9.3 Modification; Waiver. To change anything in this Contract, the Client and the Coach must agree to that change in writing and sign a document showing their contract. Neither party can waive its rights under this Contract or release the other party from its obligations under this Contract, unless the waiving party acknowledges it is doing so in writing and signs a document that says so.

9.4. Noticies.

(a) Over the course of this Contract, one party may need to send a notice to the other party. For the notice to be valid, it must be in writing and delivered in one of the following ways: personal delivery, email, or certified or registered mail (postage prepaid, return receipt requested). The notice must be delivered to the party's address listed at the end of this Contract or to another address that the party has provided in writing as an appropriate address to receive notice.

(b) The timing of when a notice is received can be very important. To avoid confusion, a valid notice is considered received as follows: (i) if delivered personally, it is considered received immediately; (ii) if delivered by email, it is considered received upon acknowledgement of receipt; (iii) if delivered by registered or certified mail (postage prepaid, return receipt requested), it is considered received upon receipt as indicated by the date on the signed receipt. If a party refuses to accept notice or if notice cannot be delivered because of a change in address for which no notice was given, then it is considered received when the notice is rejected or unable to be delivered. If the notice is received after 5:00pm on a business day at the location specified in the address for that party, or on a day that is not a business day, then the notice is considered received at 9:00am on the next business day.

9.5 Severability. This section deals with what happens if a portion of the Contract is found to be unenforceable. If that's the case, the unenforceable portion will be changed to the minimum extent necessary to make it enforceable, unless that change is not permitted by law, in which case the portion will be disregarded. If any portion of the Contract is changed or disregarded because it is unenforceable, the rest of the Contract is still enforceable.

9.6 Signatures. The Client and the Coach must sign this document using Bonsai's e-signing system. These electronic signatures count as originals for all purposes.

9.7 Governing Law. The validity, interpretation, construction and performance of this document shall be governed by the laws of the United States of America.

9.8 Entire Contract. This Contract represents the parties' final and complete understanding of this job and the subject matter discussed in this Contract. This Contract supersedes all other contracts (both written and oral) between the parties.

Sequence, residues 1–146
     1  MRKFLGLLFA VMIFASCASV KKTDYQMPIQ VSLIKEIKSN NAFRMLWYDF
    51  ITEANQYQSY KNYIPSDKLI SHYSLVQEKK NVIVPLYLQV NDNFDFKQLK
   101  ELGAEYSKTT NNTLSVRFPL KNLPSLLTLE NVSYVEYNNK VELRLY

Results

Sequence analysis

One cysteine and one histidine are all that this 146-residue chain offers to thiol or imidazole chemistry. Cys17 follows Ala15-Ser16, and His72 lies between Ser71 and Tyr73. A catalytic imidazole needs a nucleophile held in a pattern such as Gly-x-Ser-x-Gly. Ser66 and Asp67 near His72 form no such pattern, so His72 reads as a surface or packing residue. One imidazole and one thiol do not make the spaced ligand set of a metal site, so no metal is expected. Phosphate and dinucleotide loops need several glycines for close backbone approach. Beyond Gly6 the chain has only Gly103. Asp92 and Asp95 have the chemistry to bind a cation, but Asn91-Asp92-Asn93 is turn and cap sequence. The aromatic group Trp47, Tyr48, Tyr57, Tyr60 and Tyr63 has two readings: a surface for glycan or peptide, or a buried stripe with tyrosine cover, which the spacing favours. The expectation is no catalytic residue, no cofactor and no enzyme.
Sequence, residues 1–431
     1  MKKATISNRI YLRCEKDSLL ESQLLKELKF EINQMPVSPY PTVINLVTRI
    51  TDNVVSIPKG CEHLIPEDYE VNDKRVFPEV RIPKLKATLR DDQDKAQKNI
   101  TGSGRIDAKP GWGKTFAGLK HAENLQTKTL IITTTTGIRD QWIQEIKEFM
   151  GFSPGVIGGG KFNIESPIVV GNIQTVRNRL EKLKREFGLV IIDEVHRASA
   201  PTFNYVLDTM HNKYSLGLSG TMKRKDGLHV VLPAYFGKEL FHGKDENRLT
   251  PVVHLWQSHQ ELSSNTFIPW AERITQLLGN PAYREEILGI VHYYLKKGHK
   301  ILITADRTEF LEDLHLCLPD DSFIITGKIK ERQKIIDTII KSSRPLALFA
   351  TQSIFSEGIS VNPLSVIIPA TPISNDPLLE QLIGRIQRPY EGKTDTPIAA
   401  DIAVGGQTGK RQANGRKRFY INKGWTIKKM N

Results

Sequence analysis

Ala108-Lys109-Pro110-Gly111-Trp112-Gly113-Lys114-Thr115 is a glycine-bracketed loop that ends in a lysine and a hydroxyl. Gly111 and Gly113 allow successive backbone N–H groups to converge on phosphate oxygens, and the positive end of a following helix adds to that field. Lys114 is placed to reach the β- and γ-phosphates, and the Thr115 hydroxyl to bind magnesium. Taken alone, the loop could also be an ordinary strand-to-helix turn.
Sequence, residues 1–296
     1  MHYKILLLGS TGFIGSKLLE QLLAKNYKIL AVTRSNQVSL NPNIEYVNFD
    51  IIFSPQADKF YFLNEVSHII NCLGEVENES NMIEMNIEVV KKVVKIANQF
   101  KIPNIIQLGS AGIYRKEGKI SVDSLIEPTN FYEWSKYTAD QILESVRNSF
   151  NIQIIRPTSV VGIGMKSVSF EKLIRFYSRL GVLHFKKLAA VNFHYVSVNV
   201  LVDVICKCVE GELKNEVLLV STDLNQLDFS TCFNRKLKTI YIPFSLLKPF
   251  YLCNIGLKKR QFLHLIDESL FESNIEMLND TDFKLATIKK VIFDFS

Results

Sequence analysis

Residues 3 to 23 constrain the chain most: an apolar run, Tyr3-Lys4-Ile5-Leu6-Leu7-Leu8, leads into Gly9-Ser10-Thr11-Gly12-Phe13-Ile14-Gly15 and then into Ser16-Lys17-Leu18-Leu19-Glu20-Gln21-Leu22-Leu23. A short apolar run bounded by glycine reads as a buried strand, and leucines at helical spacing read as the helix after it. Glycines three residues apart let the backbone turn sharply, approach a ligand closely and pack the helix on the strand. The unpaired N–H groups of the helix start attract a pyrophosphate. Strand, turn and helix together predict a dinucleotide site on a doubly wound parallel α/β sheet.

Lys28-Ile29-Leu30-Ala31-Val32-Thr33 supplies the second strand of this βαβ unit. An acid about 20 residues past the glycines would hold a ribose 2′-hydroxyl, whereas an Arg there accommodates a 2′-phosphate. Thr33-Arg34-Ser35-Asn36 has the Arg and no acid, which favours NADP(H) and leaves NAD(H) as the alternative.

Acme LLC.

Corporation Corp.
Table of contents

What is an Interior Design Contract?

An interior design contract is a legal document between the client and the designer that outlines the specific details and conditions of an agreement. 

The contract outlines the project at hand to ensure all parties are in agreement and provides remedies for if either party finds themselves in breach of contract.

Note: If you’re ready to start editing your free interior design contract template from Bonsai, head over and sign-up now.

Why you need an interior design contract

An interior design contract is necessary for two main reasons:

  • Ensure everyone’s in agreement about the details of the project
  • Ensure everyone fulfills their side of the agreement

A contract keeps the project on track and aims to avoid or settle disagreements between the interior designer and the client.

What should be included in an interior design agreement

Below we’ve detailed the necessary components of your interior design agreement. These cover the ins and outs of the project, process, and payment, as well as some other essential details requirements for both the client and the designer. 

Once the contract agreement is complete and the client agrees, the contract should be signed with each party receiving a copy.

Scope of work

This is where the interior designer details all the services that are required for the project to be considered complete. This is especially important when charging a fixed fee, as the client must agree to the exact services offered for the quoted price.

It's also necessary here to include what the interior designer won't do, such as architectural design, plumbing, electrics, and anything of the like— otherwise known as ‘out-of-scope’ work.

Detailed specifications

Here the interior designer lays out the specific plans for the interior design concept. This includes information on proposed color schemes, lighting, fabric choices, furniture, and interior furnishing specifications.

This is best done via detailed blueprints and 3D drawings, where applicable. 


It's essential that the client knows that all drawings are conceptual and rely on accurate information from the client. Essentially, you need to ensure you're not liable for any miscalculations or design flaws that can arise from being supplied with incorrect information by the client.

It's also important to include a clause confirming that the drawings and designs are your intellectual property, and are not to be used for any other purpose than for the interior design services at hand.

Consultants and contractors